There were particular points made by the British Prime Minister in his
speech of I5th December. In the first instance., he stressed that it was
Poland who should " make the great gift to Russia "—it was preposterous,
however to ask and difficult to visualise any nation being willing to con-
demn one-third of her population to misery or death., and cut off half her
territory as a c gift5 for a great Power. It was a repetition of the language
of Munich . . . Just before the partition of Czecho-Slovakia., both the
French and the British Government had., with extraordinary hypocrisy,
written in their proposition of i8th September 1938, to Prague that they
" recognised how great is the sacrifice . . . required of the Czecho-Siovak
Government in the cause of peace ... " and "because that cause is common,
both to Europe and in particular to Czechoslovakia herself, etc. . . . "
M. Grabski, that politician whom the British Prime Minister warmly
referred to as " an able colleague of M. Mikolajczyk," wrote :
" The practice of the Soviet Government in the area of Eastern Poland,
which it has occupied from September 1939 to June 1941, leaves no room
for doubt that if the present territorial demands of the U.S.S.R. were to be
fulfilled, it would be the equivalent to surrendering more than four million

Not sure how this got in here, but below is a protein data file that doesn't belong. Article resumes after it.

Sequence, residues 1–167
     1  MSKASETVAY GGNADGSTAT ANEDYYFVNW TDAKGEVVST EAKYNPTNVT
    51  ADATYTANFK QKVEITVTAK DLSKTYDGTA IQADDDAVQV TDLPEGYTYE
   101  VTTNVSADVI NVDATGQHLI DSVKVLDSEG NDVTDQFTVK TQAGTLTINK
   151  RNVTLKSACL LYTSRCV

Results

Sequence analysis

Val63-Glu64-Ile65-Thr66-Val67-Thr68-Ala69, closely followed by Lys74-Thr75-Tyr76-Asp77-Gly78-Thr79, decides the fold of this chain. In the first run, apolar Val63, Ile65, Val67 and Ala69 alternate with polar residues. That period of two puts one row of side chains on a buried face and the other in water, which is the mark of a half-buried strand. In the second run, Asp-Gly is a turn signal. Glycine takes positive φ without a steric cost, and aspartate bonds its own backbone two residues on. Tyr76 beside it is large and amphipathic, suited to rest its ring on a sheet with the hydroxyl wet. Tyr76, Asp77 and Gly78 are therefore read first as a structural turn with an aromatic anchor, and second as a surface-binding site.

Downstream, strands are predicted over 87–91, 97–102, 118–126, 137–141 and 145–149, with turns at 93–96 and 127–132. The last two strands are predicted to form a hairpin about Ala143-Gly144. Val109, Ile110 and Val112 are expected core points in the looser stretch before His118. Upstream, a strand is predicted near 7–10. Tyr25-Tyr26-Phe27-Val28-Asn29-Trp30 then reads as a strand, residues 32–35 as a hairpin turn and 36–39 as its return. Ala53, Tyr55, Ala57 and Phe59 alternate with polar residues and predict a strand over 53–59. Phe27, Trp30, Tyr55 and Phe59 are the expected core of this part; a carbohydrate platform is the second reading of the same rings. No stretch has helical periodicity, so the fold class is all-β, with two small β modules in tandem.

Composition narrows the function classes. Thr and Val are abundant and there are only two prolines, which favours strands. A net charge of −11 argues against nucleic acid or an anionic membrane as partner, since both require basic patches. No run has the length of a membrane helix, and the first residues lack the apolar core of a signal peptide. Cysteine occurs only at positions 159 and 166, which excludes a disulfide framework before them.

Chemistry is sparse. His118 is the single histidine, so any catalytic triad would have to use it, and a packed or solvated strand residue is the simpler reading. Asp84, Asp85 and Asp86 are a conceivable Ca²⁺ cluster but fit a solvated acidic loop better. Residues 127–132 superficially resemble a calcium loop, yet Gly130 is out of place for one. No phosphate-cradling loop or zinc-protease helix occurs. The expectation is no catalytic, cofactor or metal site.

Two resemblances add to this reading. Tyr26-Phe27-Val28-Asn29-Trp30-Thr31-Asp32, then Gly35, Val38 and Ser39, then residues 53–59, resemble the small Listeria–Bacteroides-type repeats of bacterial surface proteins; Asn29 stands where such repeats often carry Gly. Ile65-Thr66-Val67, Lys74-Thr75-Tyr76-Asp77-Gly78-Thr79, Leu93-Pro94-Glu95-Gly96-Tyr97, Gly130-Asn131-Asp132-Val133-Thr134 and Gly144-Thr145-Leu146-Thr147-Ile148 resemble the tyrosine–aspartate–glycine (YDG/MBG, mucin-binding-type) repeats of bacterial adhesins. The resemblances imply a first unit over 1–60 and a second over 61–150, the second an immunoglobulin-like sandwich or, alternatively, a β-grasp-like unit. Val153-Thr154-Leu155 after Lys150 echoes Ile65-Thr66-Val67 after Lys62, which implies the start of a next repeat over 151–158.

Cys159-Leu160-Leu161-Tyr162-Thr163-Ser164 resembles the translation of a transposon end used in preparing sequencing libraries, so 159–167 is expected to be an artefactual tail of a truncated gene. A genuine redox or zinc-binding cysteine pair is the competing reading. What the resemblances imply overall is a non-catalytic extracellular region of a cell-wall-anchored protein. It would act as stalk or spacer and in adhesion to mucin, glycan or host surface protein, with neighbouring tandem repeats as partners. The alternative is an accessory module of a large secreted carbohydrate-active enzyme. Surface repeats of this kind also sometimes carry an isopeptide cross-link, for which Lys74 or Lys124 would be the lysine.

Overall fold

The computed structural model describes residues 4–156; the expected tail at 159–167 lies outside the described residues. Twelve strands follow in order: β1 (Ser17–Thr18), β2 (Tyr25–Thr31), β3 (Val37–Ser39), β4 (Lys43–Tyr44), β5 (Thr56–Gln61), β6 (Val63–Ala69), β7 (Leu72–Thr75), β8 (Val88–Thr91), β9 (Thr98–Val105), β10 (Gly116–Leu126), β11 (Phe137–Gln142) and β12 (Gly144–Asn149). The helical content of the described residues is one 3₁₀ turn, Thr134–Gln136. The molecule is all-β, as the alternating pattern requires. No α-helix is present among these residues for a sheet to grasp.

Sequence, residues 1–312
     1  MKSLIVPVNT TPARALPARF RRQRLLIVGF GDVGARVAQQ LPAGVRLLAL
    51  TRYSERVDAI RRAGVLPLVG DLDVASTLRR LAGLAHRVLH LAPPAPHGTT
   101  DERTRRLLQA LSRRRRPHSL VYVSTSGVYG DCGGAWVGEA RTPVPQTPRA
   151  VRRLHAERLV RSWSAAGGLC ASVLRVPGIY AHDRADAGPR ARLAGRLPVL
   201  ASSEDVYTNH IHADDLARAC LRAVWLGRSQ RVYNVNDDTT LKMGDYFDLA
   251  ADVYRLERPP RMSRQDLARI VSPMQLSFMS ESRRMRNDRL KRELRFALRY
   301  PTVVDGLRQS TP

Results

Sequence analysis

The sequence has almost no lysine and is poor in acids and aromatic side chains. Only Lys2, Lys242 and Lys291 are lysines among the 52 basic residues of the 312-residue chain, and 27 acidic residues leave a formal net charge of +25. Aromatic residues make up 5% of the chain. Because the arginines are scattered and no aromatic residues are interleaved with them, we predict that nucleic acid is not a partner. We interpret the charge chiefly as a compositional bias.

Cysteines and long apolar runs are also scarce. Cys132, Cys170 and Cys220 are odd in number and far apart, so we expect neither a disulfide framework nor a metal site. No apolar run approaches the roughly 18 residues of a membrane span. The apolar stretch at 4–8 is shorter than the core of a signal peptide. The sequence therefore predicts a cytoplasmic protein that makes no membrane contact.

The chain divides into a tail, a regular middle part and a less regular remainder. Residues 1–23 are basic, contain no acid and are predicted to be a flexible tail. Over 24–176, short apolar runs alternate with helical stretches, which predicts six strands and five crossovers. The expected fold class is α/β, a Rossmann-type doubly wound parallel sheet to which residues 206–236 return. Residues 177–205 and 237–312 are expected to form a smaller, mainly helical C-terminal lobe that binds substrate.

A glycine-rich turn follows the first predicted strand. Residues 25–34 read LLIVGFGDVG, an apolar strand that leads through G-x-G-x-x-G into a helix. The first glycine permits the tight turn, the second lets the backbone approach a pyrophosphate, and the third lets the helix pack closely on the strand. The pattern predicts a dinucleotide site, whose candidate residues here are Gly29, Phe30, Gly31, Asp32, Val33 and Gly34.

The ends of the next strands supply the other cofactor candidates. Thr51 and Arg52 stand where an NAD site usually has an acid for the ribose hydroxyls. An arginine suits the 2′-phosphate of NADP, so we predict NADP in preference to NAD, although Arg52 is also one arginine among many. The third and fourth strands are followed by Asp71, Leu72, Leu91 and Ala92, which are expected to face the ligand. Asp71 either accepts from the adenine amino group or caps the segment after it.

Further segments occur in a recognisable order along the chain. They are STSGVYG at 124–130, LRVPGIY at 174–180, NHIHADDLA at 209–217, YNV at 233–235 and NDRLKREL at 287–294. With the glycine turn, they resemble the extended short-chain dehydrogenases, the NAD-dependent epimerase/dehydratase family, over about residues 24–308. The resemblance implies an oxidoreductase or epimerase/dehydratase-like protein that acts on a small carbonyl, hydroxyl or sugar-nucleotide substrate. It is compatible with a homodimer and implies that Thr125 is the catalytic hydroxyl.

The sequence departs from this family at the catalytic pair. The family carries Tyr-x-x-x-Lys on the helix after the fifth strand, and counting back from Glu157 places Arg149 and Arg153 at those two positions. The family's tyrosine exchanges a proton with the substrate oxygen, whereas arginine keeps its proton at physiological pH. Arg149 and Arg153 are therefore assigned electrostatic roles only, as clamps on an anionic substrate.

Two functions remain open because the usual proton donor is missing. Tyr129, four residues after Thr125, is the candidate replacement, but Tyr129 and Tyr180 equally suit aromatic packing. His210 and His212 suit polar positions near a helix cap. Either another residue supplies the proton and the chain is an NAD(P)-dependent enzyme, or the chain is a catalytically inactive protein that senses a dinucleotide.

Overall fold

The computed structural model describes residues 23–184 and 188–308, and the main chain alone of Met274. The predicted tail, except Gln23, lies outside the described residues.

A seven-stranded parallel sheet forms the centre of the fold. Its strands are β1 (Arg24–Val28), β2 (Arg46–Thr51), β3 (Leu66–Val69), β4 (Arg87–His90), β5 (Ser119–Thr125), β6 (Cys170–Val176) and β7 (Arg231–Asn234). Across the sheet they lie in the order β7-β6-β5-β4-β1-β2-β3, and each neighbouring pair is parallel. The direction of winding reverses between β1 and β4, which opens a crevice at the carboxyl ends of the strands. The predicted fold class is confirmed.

Poles (and twice as many other nationalities) who were left in the Eastern
provinces of Poland after the deportation, to a most ruthless extermination.
If the Polish Nation agreed to that, in truth it would not deserve to survive.'5*
Muscovy-Russia had increased her territories fifty times over since the
15th century by acquiring £ gifts ' of this type from her neighbours ; but
as the Poles were aware from their history, she could not be satiated . . .
Sections of the Polish Commonwealth which had never previously belonged
to her, had been * acquired ' in 1494, 1648, 1667, 1770, 1772, 1793 and in
1795 and 1815, and yet again in 1920, and at every opportunity she had
claimed the lands stretching further westward into Poland.
The second point in Churchill's speech, difficult for any member of
the Western world to swallow, was his acceptance of that Asiatic custom
of compulsorily transferring masses of population, which Moscow had
proceeded to carry out in its hysteria of cleaning-up the frontier zone.
This migration madness of the Kremlin's overlord was warmly endorsed
and praised by the British Premier as the panacea of all Polish problems.
The Roman law, that the soil belonged to the people who toil on it and
that man belongs to his country., had been adhered to throughout the two
thousand years of the Christian era; and therein lay that essential differ-
ence between the Western world and the Asiatic nomads. It was a
remarkable phenomenon to watch the Prime Minister of Britain, the
strongest representative of the Western World, supporting this Asiatic
conception of a State and the individual, so utterly alien to his world.
In a four-hour Debate, Parliament confirmed that the future of world
peace and Britain's position in Europe, depended on the solution of the
Polish-Russian question. Churchill's policy from 22nd June, 1941,
* The Polish-Soviet Frontier > London, 1943.